In search of better predictors of new product adoption: three essays on the key determinants, predictive ability and temporal stability of behavioural expectations
2017-02-08T01:20:04Z (GMT) by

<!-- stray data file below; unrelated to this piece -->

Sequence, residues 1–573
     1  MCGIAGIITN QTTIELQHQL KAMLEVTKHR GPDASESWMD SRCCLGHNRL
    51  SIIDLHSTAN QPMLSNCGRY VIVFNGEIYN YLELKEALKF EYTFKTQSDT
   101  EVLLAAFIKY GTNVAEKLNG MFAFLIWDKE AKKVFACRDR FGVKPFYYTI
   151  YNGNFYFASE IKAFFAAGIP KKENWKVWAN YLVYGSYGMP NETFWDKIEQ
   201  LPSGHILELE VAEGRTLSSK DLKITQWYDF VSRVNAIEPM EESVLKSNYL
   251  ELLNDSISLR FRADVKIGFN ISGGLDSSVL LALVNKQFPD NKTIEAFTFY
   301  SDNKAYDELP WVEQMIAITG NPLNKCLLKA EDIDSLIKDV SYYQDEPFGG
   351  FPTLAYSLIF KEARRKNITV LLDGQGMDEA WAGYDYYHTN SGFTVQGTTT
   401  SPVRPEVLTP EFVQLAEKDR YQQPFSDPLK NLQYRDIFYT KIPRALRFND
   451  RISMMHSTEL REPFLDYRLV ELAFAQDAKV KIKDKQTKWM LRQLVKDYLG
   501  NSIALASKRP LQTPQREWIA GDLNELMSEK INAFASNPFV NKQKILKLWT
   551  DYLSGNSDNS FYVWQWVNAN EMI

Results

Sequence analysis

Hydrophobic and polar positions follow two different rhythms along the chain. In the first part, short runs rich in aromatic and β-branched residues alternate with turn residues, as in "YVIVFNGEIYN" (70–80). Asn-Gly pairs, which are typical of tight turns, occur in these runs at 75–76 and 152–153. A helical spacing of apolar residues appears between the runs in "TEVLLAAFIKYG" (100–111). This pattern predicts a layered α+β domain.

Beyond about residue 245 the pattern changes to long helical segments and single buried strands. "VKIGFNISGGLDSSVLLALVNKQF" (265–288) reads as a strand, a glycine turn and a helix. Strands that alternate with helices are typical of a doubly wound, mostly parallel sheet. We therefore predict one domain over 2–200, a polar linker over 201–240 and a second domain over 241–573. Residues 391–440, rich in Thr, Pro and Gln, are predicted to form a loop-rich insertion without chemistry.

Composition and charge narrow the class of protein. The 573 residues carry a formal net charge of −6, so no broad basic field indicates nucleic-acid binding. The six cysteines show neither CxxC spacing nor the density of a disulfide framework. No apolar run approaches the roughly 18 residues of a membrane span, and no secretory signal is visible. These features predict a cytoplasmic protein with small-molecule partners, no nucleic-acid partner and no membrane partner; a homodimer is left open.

Predicting the adoption of new products has long been a priority for researchers and managers alike. Scholars and marketers are continually seeking better and more stable immediate predictors of consumers’ adoption of new products. This dissertation aims to explain the efficacy of behavioural expectations as a viable alternative predictor of behaviour than the more established behavioural intentions. Specifically, this dissertation offers a conceptual and empirical explanation for why behavioural expectation is potentially a better predictor than behavioural intention in terms of adoption of a new product. The explanations are presented in three related essays. The first essay examines, from a conceptual perspective, the role of behavioural expectations as a potentially superior predictor of behavioural intentions when the targeted behaviour is subject to impediments. A meta-analysis is conducted to demonstrate that behavioural expectation potentially has greater temporal stability and superior predictive ability than does behavioural intention. However, this determination ultimately depends on the antecedents, the key determinants, germane to the adoption process of the particular new technology under examination. To increase the generalizability of this thesis, the second essay is an empirical examination of the temporal stability and the predictive ability of behavioural expectations versus behavioural intentions in the context of pro-environmental marketing. It seeks to explain whether differences in the way in which consumers’ behavioural expectations versus behavioural intentions judgments are measured, discourage the adoption of new pro-environmental products and changes in pro-environmental behaviour. Three online experiments were conducted, including a longitudinal online experiment on pro-environmental donation behaviour. Findings confirm that behavioural expectation has a higher temporal stability than behavioural intention, potentially accounting for the greater predictive ability of the former. One key reason for this finding is that subjects may over-estimate their intention to act when responding to questions regarding behavioural intention. Finally, the third essay considers the extent of the predictive ability of behavioural expectations versus behavioural intentions in terms of the adoption/use of new technology subject to impediments. An online longitudinal experiment was designed to examine the sources and effects of two possible impediments to the adoption/use of new technology: experience (internal impediments) and facilitating conditions (external impediments). Findings indicate that behavioural expectations have a greater predictive ability than do behavioural intentions when subjects encounter impediments to adopting/using the new technology, particularly when experience and facilitating conditions are poor. The main reason was the tendency of subjects who responded to behavioural intentions measures to overestimate their control over the (internal) impediments, and to make underestimations when they think they have less control over the (external) impediments. Moreover, it is found that subjects who responded to behavioural expectations measures have a stronger Adoption-Use correlation compared to subjects who responded to BI measures regardless of the type of impediments that they had encountered. Taken together, the three essays advance extant knowledge of the debate between behavioural intention and behavioural expectation by proposing its key determinants, comparing its temporal stability and examining its predictive ability. Specifically, findings from this study suggest that behavioural expectation is a better predictor of behaviour that is subject to impediments, and also it is found to have superior temporal stability than behavioural intention. Based on aforementioned results, this study recommends scholars and marketers to consider behavioural expectation to be incorporated as immediate predictor of behaviour (i.e. adoption of new product) to extend various theoretical models, such as the Theory of Reasoned Action, Theory of Planned Behaviour and Technology Acceptance Model.